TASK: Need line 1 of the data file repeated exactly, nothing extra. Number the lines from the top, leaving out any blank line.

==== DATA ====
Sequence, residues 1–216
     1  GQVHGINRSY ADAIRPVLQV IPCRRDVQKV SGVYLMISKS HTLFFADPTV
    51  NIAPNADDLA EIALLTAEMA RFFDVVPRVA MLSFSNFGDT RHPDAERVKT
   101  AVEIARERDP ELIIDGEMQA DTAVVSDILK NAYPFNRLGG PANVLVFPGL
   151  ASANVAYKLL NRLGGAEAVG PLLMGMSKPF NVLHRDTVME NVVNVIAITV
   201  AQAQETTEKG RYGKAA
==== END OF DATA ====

Sequence, residues 1–216